Steven Hollenhorst; Lisa Stull-Gardner

    1992-01-01

    Using data from a study conducted in the Cranberry Wilderness area, this paper describes how the Importance-Performance approach can be used to prioritize wilderness indicators and determine how much change from the pristine is acceptable. The approach uses two key types of information: (1) indicator importance, or visitor opinion as to which wilderness indicators have...

  10. Intergroup conflict in wilderness: balancing opportunities for experience with preservation responsibility

    Science.gov (United States)

    Alan E. Watson; Liisa Kajala

    1995-01-01

    In contrast with the days of the early explorers, when wilderness travel in America was predominantly a solitary activity, the wilderness resource is now shared among many interests. Interaction among these various interests leads to varied amounts of conflict. Studies in the United States, conducted in multiple National Wilderness Preservation System units, across...

  11. Feedback-Based Eco-Design for Integrating the Recency, Frequency, and Monetary Value of Eco-Efficiency into Sustainability Management

    Directory of Open Access Journals (Sweden)

    Rui Yang Chen

    2016-09-01

    Full Text Available Customer feedback is used to understand customer requirements. Early design phases require the consideration of items including manufacturing, the environment, and sustainability management. Therefore, it is crucial that eco-efficiency is taken into account in the early design phases. Traditionally, eco-efficiency is considered only in terms of eco-design issues, not customer requirements based on business values such as Recency, Frequency, and Monetary (RFM value. In the meantime, integrating innovation from eco-design is one important aspect. Here, I propose that customer feedback-based eco-efficiency and TRIZ-based innovation can be considered in early eco-design based on the RFM value for sustainability management. The analytic hierarchy process (AHP and fuzzy-based AHP were integrated to explore the relative weights of RFM variables for business value evaluation. The innovative method of the paper is using a TRIZ contradiction matrix associated with engineering parameters for eco-design. The experimental study has been carried out, and it meets the forecasting business value for green product usage. The business value was used as the decision-making factor in order to evaluate both environmental and marketing performance.

  12. The Creative Use of Companion Values in Environmental Education and Education for Sustainable Development: Exploring the Educative Moment

    Science.gov (United States)

    Garrison, Jim; Östman, Leif; Håkansson, Michael

    2015-01-01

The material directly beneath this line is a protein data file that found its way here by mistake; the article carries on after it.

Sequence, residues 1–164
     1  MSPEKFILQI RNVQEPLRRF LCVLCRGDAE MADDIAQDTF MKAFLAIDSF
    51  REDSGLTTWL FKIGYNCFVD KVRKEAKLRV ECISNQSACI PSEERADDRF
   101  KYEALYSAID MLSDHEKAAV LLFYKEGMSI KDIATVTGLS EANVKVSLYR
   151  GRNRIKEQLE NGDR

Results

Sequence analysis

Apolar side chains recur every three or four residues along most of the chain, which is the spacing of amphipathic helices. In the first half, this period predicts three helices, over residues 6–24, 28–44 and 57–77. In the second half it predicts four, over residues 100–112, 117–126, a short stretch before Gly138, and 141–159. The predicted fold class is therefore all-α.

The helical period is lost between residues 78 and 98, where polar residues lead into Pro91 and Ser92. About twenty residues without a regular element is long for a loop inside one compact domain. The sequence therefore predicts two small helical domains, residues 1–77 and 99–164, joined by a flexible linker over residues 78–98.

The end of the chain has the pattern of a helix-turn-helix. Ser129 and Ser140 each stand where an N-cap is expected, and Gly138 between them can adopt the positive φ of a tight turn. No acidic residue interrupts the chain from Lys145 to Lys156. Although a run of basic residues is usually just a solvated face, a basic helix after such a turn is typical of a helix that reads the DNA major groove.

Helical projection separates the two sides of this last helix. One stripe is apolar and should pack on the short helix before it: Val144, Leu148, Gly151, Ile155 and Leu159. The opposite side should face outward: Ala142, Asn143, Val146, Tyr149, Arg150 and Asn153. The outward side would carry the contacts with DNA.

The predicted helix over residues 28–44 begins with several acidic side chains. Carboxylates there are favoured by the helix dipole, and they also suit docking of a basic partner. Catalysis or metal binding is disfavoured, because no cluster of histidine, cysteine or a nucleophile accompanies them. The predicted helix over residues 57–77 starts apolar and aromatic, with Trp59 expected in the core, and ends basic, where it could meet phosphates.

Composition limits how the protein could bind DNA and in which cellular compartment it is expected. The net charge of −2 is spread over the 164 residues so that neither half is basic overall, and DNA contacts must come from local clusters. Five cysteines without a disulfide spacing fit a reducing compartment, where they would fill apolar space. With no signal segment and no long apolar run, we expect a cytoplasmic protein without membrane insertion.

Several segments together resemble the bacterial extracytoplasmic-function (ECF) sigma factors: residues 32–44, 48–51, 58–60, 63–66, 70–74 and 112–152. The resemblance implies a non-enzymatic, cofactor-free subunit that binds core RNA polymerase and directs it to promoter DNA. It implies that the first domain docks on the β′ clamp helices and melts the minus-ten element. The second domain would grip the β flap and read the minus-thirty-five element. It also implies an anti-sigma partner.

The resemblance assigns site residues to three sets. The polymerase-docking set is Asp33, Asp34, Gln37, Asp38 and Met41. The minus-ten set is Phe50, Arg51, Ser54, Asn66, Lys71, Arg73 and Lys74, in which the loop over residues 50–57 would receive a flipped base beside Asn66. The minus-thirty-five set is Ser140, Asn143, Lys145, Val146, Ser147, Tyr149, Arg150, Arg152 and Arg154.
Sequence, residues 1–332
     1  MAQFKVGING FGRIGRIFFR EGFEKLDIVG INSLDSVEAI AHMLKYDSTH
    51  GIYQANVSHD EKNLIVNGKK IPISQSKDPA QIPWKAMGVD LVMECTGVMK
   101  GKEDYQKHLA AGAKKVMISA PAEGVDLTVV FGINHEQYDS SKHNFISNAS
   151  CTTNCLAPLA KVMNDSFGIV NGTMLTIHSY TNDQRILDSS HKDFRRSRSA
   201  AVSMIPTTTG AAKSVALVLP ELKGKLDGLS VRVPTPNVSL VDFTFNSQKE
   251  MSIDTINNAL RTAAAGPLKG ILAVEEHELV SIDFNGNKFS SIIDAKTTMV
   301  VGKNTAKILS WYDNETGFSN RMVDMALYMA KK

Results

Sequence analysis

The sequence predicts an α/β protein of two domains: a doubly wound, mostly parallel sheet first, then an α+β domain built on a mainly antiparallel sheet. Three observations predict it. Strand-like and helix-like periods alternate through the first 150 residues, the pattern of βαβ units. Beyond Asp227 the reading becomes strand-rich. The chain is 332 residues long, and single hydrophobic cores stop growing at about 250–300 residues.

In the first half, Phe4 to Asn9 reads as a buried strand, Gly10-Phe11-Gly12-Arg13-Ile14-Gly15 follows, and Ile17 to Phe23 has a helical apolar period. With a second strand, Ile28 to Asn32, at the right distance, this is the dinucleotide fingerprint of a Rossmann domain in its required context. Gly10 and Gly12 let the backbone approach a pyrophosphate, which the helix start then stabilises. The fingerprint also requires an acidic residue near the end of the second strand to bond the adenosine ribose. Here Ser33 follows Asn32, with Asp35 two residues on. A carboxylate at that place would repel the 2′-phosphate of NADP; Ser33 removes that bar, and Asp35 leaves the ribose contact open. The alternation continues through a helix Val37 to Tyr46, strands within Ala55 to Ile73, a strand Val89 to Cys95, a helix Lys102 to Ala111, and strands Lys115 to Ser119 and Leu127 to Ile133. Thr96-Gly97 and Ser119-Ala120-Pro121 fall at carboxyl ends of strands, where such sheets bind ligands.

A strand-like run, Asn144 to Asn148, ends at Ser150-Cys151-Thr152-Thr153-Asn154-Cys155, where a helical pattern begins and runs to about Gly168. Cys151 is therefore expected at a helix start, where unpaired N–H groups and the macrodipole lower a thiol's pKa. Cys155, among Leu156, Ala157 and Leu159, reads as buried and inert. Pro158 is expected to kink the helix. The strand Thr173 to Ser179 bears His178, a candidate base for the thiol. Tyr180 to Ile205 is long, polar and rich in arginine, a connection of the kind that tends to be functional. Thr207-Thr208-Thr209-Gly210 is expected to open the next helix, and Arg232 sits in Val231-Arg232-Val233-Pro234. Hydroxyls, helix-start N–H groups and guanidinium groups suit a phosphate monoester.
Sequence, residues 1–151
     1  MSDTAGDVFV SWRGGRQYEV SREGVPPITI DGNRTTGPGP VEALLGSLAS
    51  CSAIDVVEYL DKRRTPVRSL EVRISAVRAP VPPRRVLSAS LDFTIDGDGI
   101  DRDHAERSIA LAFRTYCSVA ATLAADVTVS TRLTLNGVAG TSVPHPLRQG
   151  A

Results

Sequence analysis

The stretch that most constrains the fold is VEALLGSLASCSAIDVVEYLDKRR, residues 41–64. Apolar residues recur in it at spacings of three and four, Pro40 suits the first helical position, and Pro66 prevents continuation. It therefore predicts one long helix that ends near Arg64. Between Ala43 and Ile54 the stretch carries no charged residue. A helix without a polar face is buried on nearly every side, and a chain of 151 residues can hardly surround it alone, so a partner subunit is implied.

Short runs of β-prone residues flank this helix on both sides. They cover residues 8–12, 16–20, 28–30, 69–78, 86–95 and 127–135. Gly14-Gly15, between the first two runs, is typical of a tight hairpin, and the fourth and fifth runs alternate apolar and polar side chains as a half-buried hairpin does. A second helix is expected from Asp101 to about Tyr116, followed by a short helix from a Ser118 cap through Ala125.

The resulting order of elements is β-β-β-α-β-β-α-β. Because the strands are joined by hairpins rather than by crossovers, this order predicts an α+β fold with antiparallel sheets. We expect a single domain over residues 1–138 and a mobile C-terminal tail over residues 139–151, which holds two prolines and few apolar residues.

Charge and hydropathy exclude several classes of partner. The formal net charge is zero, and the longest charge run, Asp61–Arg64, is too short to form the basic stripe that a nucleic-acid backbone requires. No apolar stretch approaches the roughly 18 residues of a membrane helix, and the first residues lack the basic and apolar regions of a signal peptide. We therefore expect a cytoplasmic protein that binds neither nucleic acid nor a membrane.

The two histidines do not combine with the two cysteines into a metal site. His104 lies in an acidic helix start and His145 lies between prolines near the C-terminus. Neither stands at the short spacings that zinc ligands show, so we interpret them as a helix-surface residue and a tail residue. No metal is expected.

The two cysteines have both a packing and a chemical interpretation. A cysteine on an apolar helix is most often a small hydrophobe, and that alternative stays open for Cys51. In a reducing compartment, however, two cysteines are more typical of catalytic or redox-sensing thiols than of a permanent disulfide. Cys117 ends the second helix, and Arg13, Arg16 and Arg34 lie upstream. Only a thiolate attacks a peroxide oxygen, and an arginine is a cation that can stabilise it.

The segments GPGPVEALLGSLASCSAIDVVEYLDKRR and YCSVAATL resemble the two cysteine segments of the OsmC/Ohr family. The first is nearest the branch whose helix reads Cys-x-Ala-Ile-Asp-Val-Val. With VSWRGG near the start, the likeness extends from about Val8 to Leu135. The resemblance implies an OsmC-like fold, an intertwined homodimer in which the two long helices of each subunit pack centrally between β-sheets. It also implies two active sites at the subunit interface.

Our paper addresses the emergence and evolution of values in educational settings. It builds upon and extends earlier work on companion meanings to develop a theory of the creative use of companion values and meanings in education. The recognition of companion values in educational practices highlight epistemological, ethical, and aesthetic…

  13. Sustainable Assessment of Alternative Sites for the Construction of a Waste Incineration Plant by Applying WASPAS Method with Single-Valued Neutrosophic Set

    Directory of Open Access Journals (Sweden)

    Edmundas Kazimieras Zavadskas

    2015-12-01

    Full Text Available The principles of sustainability have become particularly important in the construction, real estate maintenance sector, and all areas of life in recent years. The one of the major problem of urban territories that domestic and construction waste of generated products cannot be removed automatically. The above necessity induces the demand of systems and technologies for waste life cycle and proper disposal development. Siting of the waste incineration plant is a complex process, which includes all factors of sustainability principles. The selection of the construction area is a complex problem due to the existence of different tangible and intangible factors and the multiple alternatives available. Multicriteria decision-making methods (MCDM present powerful and flexible techniques for the solution of many sustainability problems. In this paper, we propose a new extension of WASPAS method, namely WASPAS-SVNS. This extension is realized in the framework of the single-valued neutrosophic set that enables to represent and model the indeterminacy explicitly and the functions of the truth-membership, the indeterminacy-membership and the falsity-membership are not related to each other. The paper deals with the solution of the waste incineration plant siting problem due to the requirements of sustainability factors.